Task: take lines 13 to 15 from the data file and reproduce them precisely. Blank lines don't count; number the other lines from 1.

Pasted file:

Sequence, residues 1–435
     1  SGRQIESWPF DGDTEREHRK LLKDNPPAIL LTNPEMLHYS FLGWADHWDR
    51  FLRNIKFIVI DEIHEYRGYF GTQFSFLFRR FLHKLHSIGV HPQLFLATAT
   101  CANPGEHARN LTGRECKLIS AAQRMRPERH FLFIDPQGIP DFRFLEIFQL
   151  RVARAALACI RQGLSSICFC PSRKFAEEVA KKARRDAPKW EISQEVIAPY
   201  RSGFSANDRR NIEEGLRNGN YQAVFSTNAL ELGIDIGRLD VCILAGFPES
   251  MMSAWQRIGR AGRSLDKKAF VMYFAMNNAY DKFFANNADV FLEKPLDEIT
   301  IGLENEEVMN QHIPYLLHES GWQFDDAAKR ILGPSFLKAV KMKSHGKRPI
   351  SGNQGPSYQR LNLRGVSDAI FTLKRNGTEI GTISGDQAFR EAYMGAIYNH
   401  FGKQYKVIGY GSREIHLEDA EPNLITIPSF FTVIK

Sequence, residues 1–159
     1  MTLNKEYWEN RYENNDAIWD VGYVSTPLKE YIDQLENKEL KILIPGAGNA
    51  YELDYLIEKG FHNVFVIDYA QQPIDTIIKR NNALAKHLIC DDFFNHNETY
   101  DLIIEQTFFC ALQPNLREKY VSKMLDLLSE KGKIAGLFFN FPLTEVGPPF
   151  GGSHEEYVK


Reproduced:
    51  YELDYLIEKG FHNVFVIDYA QQPIDTIIKR NNALAKHLIC DDFFNHNETY
   101  DLIIEQTFFC ALQPNLREKY VSKMLDLLSE KGKIAGLFFN FPLTEVGPPF
   151  GGSHEEYVK